The Norfolk Admirals have struggled recently. But ECHL All-Star Classic is a ‘centerpiece event’ that harkens back to club’s glory days.

For the first time since 1994, Hampton Roads and the Norfolk Admirals will play host to the ECHL All-Star Classic.

Players from across the league will flock Monday night to Scope to represent their respective teams on the Eastern and Western conference all-star teams.

This is the second time that the Admirals have hosted an All-Star Classic. Norfolk becomes just the second city to host the game twice, joining Reading, Pennsylvania.

For Admirals president Billy Johnson, hosting the event is an honor, especially in his first year on the job.

“It’s always prestigious to be a part of it,” Johnson said. “I think it carries some extra weight this particular season because we’re just coming out of a pandemic. And a lot of teams are going through this sort of waking-up process. So to have the ability to have this as a centerpiece event to help us all wake up, it’s kind of a blessing.”

The All-Star Classic is more than just a singular hockey game, though. On Sunday, a Fan Fest was held in the Waterside District.

“My job — and our job — here is to drive traffic downtown,” Johnson said. “Anytime we can shine a light on the city, that’s a huge win.”

On Sunday, fans got the opportunity to see the NHL’s Stanley Cup, the ECHL’s Kelly Cup and a traveling Hockey Hall of Fame exhibit. Fans had the opportunity to take pictures with both prestigious trophies, but also get to see the Admirals’ place in hockey history, Johnson said.

The Admirals franchise started in 1989 and played in the ECHL until 2000, winning league championships in three of its first seven seasons (1991, 1992 and 1998). As an American Hockey League team, Norfolk won the Calder Cup in 2012, setting a professional hockey record that season with 28 consecutive victories.

Norfolk rejoined the ECHL in 2015 and since 2021 has been an affiliate of the NHL’s Carolina Hurricanes.

“It’s been a traditionally tremendous professional hockey market in the past on the ice from a playing standpoint,” Johnson said. “So fans can expect probably a lot of nostalgia from the teams that they grew up watching if they’re from here, and a lot of big-picture inclusion of our role in the game itself.”

The game itself won’t look like a traditional hockey game, and isn’t like an all-star game in any other sport.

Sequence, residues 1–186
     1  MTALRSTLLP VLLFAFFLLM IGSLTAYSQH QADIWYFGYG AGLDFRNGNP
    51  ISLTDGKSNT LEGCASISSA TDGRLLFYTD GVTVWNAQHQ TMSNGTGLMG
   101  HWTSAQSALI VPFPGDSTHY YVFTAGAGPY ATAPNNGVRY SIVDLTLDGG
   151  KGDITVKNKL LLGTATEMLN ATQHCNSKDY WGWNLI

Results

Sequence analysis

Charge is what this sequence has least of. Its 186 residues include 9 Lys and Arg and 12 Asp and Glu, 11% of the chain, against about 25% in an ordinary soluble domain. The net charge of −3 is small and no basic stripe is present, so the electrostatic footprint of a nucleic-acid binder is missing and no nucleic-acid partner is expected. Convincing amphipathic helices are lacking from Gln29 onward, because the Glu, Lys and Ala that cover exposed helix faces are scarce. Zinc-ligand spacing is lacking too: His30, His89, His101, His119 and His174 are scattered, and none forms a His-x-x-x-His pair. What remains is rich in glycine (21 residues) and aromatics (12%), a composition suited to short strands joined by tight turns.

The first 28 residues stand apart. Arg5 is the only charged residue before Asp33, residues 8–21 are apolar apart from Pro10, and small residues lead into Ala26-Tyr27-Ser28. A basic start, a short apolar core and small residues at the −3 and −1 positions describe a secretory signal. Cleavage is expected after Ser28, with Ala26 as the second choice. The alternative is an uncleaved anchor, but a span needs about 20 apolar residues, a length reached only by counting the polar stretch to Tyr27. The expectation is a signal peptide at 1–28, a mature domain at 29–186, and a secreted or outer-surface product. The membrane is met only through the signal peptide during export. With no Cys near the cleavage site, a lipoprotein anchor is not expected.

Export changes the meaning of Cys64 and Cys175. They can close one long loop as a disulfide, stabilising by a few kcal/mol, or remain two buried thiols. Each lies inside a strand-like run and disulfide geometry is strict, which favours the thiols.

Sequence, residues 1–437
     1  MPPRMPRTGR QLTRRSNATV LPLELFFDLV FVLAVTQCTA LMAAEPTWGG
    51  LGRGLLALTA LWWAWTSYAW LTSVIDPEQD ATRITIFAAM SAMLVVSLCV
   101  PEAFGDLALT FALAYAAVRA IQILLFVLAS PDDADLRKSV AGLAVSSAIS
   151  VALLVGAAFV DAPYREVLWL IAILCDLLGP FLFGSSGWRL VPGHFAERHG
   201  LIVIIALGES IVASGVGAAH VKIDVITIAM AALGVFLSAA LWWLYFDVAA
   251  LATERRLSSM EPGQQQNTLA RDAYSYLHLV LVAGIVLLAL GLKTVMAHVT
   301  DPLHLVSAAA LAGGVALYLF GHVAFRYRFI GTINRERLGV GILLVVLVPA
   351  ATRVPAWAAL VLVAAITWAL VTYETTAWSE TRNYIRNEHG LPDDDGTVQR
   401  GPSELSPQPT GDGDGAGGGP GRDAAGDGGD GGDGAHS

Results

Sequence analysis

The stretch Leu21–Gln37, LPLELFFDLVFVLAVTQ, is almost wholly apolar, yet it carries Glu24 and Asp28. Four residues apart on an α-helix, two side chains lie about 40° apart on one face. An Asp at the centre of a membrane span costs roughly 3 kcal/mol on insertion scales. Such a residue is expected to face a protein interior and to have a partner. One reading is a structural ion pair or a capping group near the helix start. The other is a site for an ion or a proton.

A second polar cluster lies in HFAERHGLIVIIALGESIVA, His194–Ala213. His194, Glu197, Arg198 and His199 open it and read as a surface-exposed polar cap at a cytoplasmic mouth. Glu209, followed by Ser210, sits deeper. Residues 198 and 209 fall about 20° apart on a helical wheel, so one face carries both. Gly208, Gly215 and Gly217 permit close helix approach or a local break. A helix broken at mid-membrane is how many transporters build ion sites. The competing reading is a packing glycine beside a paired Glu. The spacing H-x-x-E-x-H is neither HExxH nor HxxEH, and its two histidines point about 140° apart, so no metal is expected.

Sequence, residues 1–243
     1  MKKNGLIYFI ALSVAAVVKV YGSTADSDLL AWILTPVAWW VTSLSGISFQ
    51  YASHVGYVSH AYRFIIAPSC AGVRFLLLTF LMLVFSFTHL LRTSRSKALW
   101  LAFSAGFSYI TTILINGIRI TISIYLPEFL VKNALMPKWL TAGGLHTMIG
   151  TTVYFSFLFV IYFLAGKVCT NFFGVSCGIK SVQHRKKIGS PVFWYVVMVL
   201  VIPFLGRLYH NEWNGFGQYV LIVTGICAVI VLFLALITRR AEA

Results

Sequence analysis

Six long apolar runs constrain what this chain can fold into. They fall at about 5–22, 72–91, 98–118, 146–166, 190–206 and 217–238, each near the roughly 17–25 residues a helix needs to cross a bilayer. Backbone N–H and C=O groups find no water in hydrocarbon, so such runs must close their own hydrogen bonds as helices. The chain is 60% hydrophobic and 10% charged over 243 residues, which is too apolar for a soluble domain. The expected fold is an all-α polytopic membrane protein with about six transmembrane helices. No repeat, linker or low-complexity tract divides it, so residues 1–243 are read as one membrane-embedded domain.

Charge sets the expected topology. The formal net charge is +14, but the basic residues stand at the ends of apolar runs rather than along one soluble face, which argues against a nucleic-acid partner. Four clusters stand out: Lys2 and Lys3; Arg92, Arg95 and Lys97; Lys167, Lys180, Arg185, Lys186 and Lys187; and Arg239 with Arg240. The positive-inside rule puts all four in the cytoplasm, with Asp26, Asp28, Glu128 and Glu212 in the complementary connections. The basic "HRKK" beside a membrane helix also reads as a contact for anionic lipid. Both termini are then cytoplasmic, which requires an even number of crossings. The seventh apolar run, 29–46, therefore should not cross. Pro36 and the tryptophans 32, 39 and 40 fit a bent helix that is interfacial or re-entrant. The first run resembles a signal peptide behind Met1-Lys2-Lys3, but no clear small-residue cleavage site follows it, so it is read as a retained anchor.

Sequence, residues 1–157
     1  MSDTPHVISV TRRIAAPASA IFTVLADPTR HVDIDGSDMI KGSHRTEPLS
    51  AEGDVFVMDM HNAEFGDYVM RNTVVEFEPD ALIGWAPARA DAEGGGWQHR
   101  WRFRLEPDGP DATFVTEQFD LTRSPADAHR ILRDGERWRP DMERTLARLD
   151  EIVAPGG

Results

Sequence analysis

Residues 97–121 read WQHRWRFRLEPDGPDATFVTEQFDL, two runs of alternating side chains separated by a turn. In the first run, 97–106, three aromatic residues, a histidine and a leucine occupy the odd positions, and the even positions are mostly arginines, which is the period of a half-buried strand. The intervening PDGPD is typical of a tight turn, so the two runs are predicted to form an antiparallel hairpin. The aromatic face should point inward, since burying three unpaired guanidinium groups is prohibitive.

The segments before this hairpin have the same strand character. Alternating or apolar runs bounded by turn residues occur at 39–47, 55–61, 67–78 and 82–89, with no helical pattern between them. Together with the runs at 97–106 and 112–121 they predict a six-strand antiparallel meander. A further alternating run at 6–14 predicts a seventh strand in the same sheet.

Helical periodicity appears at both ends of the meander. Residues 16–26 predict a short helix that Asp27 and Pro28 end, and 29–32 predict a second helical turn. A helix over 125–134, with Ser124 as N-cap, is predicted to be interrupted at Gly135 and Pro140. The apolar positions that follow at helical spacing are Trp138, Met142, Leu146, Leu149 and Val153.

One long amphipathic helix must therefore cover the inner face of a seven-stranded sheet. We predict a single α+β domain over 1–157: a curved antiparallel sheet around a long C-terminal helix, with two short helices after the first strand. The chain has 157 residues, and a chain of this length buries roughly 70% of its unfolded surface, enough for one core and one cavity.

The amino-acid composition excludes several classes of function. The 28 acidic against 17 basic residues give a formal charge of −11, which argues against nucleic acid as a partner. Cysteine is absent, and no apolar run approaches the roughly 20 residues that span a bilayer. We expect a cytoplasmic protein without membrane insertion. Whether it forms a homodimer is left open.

“Look at it as more of a show and an exhibition,” Johnson said. “It’s gonna be competitive for sure, but it’s going to be unlike something that most fans would associate with a [proper] hockey game.”

Players from the Admirals will be split into two different teams, the Cruisers and the Destroyers, and will take on both the Eastern and Western conference all-stars.

These four teams will play in a 3-on-3, round-robin tournament with a running clock. In between games, there will be skills competitions to determine the fastest skater, hardest shooter and most accurate shooter. The winner of these competitions will earn a point for their respective team.

“What we’ll have is a two-hour show of some really fast-paced, flowing format,” Johnson said. “There’s a lot of stuff going on, and don’t expect anyone getting in any fights. It’s all about showcasing some of the finer skills.”

The All-Star Classic will also give an opportunity for players from professional women’s leagues to showcase their talents. Two players from the Premier Hockey Federation and Professional Women’s Hockey Players Association will be split onto the roster of each team.

Tickets for the game Monday can still be purchased online. Johnson said the expectation is for the game to rival a typical Admirals Saturday night crowd.

“We’re excited that the numbers are trending in a way that has perhaps been one of the best-attended nights of our season this year,” Johnson said.

Ben Langham, a long-time Admirals fan from Virginia Beach, attended Friday’s regular-season game and said he’s excited about the all-star game Monday.

“I think it’s an awesome experience. I’ve been playing hockey my whole life. So I mean, that’s why I want to come to the game,” Langham said. “I haven’t had a chance to go to the NHL All-Star Game. This is kind of like my hometown now since I got out of the Navy. … I love the Admirals.”

John Bryant and Collin Rucker, fans from the D.C. area, said the All-Star Classic would be a great way for hockey fans in the Hampton Roads area to all come together.

“Obviously, just Norfolk in general is kind of like a hidden gem,” Bryant said. “I went to Virginia Beach every summer growing up and I never knew about the Admirals. Now that I live down here, I’ll start to come way more often.”

Langham added that he felt the game is “absolutely” a great opportunity for the city, and a good crowd at the game could be vital for the future of hockey in Norfolk.

“The more people [that come] will keep hockey here in Norfolk, the less people [that come] — hockey will leave,” Langham said.

The Admirals themselves haven’t fared too well this season — or in recent years. The team is 6-27-1-2 and hasn’t put together a winning season since 2013-2014, when the Admirals were an American Hockey League affiliate of the Anaheim Ducks.

Johnson said the all-star game is the perfect chance for the Admirals’ players and coaches to take a step back for a quick breather during what has been a rough season.

“It comes at a good time for our team because it’s a chance for our team to do something fun, rather than having the pressure of the game,” Johnson said. “I can’t speak for those guys, but every player that participates in these events, they just absolutely have a blast. So I think it’s a good morale-booster and team-builder as well.”

2023 Warrior/ECHL All-Star Classic

7 p.m. Monday at Scope

Tickets: Available via Ticketmaster, beginning at $20 plus fees.

On TV: NHL Network, and can be streamed via FloHockey.